Phil LeBeau is a CNBC auto and airline industry reporter based at the network's Chicago bureau. He is also editor of the Behind the Wheel section on CNBC.com.
LeBeau has reported one-hour documentaries for the network, including "Dreamliner: Inside the World's Most Anticipated Airplane," "Ford: Rebuilding an American Icon" and "Saving General Motors" and "Failure to Recall: Investigating GM."
Prior to joining CNBC, LeBeau served as a media relations specialist for Van Kampen Funds in Oak Brook Terrace, Ill., and was instrumental in implementing an initiative to communicate the company's mutual fund and investment practices to the public and the press. While at Van Kampen, LeBeau held a Series 6 license.
Previously, he held general assignment reporting positions at KCNC-TV, the CBS affiliate in Denver, and KAKE-TV, the ABC affiliate in Wichita, Kan. LeBeau began his career as a field producer at WCCO-TV in Minneapolis, where he wrote, produced and researched consumer stories. He graduated from the University of Missouri-Columbia School of Journalism with a bachelor's degree in journalism and broadcasting.
Follow Phil LeBeau on Twitter @Lebeaucarnews.
Bringing back name from the past is an well worn approach in the auto industry. After all, the instant name recognition is a huge boost in a business where brand awareness and acceptance is everything. So it's not surprising the higher ups at Chrysler are replacing the woeful Dodge Caliber with a new compact car that will be called the Dodge Dart.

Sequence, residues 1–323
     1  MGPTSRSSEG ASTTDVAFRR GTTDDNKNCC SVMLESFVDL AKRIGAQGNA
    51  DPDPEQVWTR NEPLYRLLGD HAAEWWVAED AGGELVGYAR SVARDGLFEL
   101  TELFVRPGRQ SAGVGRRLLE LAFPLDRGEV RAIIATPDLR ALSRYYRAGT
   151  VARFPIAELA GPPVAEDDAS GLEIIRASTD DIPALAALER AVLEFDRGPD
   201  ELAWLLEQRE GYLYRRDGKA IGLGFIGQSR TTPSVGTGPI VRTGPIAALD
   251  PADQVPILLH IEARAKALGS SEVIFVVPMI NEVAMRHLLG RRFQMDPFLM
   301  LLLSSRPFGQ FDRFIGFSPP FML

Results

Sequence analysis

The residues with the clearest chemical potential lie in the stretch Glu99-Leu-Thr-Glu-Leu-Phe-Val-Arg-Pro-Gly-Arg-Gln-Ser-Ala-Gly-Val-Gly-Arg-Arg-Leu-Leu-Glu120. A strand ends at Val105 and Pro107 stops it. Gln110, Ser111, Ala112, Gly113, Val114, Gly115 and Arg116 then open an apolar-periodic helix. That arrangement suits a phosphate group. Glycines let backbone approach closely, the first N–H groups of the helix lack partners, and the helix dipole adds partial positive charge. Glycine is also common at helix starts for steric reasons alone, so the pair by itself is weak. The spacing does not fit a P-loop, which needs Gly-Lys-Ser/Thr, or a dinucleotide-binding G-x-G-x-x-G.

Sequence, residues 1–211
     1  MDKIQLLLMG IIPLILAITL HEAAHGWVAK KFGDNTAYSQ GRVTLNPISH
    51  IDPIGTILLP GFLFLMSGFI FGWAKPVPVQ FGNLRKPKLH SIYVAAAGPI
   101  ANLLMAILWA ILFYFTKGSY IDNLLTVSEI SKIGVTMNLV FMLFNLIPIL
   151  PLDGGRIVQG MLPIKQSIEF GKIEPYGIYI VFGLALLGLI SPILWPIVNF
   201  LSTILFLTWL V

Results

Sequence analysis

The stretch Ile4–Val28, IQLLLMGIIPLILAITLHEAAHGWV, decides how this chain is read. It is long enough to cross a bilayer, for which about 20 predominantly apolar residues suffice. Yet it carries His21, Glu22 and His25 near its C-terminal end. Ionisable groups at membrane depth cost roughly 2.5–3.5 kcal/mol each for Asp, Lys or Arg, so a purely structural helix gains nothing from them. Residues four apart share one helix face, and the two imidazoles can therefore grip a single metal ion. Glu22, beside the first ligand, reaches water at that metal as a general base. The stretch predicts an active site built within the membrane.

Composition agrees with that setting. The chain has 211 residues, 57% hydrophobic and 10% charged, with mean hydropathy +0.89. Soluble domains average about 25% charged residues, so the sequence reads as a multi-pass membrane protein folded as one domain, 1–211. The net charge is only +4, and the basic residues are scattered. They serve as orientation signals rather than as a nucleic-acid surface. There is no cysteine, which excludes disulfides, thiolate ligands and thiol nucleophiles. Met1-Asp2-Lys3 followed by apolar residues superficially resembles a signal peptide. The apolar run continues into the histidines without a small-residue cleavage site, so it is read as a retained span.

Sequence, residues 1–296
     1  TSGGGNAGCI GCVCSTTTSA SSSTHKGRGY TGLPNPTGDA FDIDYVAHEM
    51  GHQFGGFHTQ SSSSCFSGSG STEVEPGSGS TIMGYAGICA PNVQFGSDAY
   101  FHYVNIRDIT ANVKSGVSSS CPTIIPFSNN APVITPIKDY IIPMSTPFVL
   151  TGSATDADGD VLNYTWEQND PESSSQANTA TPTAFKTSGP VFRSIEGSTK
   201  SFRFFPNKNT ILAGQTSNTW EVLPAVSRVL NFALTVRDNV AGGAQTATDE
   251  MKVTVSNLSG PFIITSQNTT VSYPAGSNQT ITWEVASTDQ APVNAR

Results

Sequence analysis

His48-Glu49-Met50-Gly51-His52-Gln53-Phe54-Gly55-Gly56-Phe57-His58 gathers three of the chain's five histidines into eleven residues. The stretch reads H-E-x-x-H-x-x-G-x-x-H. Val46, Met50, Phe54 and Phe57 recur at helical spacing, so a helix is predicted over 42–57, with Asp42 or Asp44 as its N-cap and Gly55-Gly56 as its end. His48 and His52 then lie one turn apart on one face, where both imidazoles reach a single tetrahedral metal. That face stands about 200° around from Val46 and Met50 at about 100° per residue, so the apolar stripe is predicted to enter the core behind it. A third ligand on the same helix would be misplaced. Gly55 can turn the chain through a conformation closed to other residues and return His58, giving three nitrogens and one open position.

It is the great mystery when buying a used car or truck. How much will you spend repairing a particular car that looks great on the outside, but may not be on the inside. And more importantly, how do you know certain 2009 model is more/less reliable than a different model from 2007.
Look for solid auto sales, with Ford, Jeep, Hyundai/Kia and Tesla in the spotlight.
These predictions are bold all right. Some may even be outrageous. The financial world, however, is full of big surprises. Remember, you heard it first here.
After six weeks of discreet negotiations, Boeing and the International Association of Machinists and Aerospace Workers have reached an agreement on a 4-year contract extension.
With questions swirling around the safety of the Chevy Volt following the launch of a federal investigation of battery fires in the car, the company is trying to reassure Volt owners and potential buyers. The question is whether it will have much impact.
At General Motors headquarters in Detroit, the leadership is facing a crisis. The Chevy Volt, the halo car that is supposed to paint GM in a better light and convince America GM has changed, is the subject of a federal investigation into whether it is safe or not.
A voice mail greeting that says, "There is no free Tesla," and asks callers not to call back.
Ferdinand Piech, a towering figure at Volkswagen for more than two decades, resigned as its chairman on Saturday.
Ford recalled about 390,000 newer cars, including some Fiesta, Fusion and Lincoln MKZ models, with door latch issues.
Harley announced a recall of about 46,000 motorcycles after a problem was discovered through consumer complaints.
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